How to Reach Muslim Women (Hint: They’re Not an Aesthetic)

By Published on .

Credit: Inez Van Lamsweerde / Vinoodh Matadin / Vogue Arabia

Muslims on the whole, and in particular Muslim women, are woefully under- and misrepresented in marketing, despite representing a huge consumer group. By 2030, it is estimated that Muslims will make up a quarter of the world’s population, and the global Islamic market will be worth more than $5 trillion by 2020.

Yet, depressingly, in mainstream media, Muslims are still predominantly given a lacks-English-oppressed-terrorist persona. And when represented by fashion and beauty brands, the majority of Muslim women are shown with an uber-cool-light-skin-tone persona.

Representation of Muslim women ping pongs between fitting a stereotype or breaking one, not the middle ground where most of us are. Brands seem to believe that casting a Muslim woman as the star of the show ticks the box.

Here’s how not to talk to Muslim women: Elle’s video shows how four Muslim beauty influencers are breaking stereotypes … because they wear make-up. Of course we wear make-up.

Brands, we do not need you to normalize us as Muslims. Content like this is not about empowering Muslim women—it’s a patronizing song and dance.

On the whole, Muslim women are represented as an aesthetic. Take YSL, which took a non-Muslim, non-headscarf-wearing woman and dressed her up to represent (what they think is) the shell of a Muslim woman. Vogue Arabia put Gigi Hadid in a hijab and a face veil. This is the same as a brand putting a model in a fat suit, and then claiming they’re representing plus-size women.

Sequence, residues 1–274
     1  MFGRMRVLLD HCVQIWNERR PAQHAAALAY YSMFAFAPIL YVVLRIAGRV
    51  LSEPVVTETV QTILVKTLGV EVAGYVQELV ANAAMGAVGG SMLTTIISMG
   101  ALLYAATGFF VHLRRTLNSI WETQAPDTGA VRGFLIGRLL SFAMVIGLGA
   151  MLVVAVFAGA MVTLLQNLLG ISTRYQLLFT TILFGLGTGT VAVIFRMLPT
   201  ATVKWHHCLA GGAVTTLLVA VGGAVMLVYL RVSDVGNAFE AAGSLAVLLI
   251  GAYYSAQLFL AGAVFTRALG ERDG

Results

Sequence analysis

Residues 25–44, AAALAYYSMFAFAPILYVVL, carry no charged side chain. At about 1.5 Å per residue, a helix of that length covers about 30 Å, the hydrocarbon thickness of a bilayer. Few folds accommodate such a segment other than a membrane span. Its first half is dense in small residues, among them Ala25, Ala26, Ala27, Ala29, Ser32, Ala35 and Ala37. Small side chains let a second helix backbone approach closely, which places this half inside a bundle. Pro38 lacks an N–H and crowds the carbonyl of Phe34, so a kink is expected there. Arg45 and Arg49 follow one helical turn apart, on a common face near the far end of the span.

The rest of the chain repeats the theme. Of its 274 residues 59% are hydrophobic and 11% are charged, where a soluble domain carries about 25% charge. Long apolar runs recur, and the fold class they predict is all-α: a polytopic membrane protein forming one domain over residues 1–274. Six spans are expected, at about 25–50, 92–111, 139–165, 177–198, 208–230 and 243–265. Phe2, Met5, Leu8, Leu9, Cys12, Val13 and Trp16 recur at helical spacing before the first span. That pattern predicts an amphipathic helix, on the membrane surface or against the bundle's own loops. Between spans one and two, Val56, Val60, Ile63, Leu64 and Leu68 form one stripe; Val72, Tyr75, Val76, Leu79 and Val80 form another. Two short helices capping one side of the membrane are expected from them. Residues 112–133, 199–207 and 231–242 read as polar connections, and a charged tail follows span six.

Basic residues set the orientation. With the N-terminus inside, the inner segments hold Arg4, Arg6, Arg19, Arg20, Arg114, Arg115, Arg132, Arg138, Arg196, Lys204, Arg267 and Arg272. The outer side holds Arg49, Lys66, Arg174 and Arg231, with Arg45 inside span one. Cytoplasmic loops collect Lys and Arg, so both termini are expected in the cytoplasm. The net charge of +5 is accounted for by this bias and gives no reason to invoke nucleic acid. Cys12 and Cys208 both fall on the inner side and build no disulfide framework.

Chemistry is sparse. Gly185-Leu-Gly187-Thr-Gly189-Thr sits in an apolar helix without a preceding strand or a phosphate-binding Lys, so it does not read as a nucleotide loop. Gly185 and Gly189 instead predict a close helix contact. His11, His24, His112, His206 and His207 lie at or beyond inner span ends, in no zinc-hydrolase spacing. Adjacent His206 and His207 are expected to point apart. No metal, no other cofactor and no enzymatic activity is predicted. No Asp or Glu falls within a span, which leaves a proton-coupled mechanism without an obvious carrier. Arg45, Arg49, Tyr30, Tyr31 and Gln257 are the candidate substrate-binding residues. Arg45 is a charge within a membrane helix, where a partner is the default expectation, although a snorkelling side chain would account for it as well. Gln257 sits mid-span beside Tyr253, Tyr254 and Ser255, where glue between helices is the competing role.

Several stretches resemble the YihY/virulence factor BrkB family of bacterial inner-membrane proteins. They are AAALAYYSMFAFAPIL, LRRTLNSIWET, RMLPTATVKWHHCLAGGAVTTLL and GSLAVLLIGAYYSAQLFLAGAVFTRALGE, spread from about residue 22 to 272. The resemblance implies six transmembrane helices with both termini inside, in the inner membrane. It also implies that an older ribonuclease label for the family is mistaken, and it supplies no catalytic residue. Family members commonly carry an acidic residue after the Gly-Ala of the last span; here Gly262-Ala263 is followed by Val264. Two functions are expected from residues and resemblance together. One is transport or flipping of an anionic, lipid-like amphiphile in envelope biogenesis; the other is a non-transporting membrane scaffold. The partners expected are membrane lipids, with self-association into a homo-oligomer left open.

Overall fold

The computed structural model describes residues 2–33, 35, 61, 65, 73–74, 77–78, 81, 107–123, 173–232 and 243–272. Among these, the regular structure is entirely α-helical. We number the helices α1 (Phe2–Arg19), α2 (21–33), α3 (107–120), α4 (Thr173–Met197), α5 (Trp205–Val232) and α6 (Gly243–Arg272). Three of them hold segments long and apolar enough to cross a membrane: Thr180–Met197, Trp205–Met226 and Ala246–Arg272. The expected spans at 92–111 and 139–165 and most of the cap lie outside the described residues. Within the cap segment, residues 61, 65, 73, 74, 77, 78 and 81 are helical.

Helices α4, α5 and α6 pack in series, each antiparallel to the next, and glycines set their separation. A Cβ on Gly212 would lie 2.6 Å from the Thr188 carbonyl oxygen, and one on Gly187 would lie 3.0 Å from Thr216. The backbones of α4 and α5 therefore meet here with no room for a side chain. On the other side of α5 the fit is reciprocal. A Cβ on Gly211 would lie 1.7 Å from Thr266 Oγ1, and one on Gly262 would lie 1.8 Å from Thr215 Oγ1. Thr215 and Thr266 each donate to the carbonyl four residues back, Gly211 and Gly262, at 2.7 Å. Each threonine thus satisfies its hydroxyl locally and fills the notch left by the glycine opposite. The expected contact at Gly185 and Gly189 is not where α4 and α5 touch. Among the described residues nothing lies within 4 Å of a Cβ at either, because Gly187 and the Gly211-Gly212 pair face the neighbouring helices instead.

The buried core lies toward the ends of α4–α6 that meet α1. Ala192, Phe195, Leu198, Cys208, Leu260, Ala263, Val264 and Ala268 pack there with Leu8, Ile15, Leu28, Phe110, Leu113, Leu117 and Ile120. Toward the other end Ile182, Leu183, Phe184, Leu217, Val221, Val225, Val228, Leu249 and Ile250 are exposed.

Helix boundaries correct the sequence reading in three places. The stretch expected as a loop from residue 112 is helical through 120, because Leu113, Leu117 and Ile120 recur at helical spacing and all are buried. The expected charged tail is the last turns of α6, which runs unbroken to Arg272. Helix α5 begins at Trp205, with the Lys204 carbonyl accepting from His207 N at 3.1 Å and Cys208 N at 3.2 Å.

This year, Nike announced the 2018 launch of its Sports Hijab. Arguably the bigger win for Nike would have been releasing a sportswear range. Try walking into a sportswear store and finding items that cover you sufficiently, while allowing you to breathe. Between the cropped jumpers, short-sleeved tops and mesh leggings, there is very little choice. A bigger win for Muslims—and Nike—would have been for the brand to use its influence to lobby for Muslim women to be able to compete in hijabs, or oppose the hijab ban by the basketball federation FIBA. Did I mention that Nike is the official partner for FIBA’s biggest competitions, including the FIBA women’s basketball World Cup, for which they provided apparel?

When the very existence of one aspect of a Muslim woman’s identity is constantly criminalized, representing an aesthetic isn’t enough. What are you supposed to wear your Nike Sports Hijab with? A crop top and mesh leggings?

This year, we’ve seen the fashion and beauty industry move the narrative surrounding Muslim women from being a political statement to being an aesthetic. It’s a small step. A giant leap will be to actually represent Muslim women in their entirety—as a lifestyle, not an aesthetic.

For me and many others, Islam is a framework through which we live our lives. And because we’re largely ignored by maintream brands, many businesses have sprung up out of sheer frustration—and opportunity. Examples include non-alcoholic drinks and dating apps to halal cosmetics and children’s books. For every mainstream company out there, you can now find a Muslim equivalent: Netflix—Alchemiya; the Samaritans—Muslim Youth Helpline; Tinder—Muzmatch; and Airbnb—Muzbnb.

For many of us, Islam guides our values, which in turn informs our lifestyle choices and consumer behaviour across fashion, food, finance, media, leisure and more.

So if you’re trying to speak to Muslim consumers, think more deeply about how your brand can resonate and connect, rather than just popping a hijabi in a campaign.


Categories: Arab World, Economy

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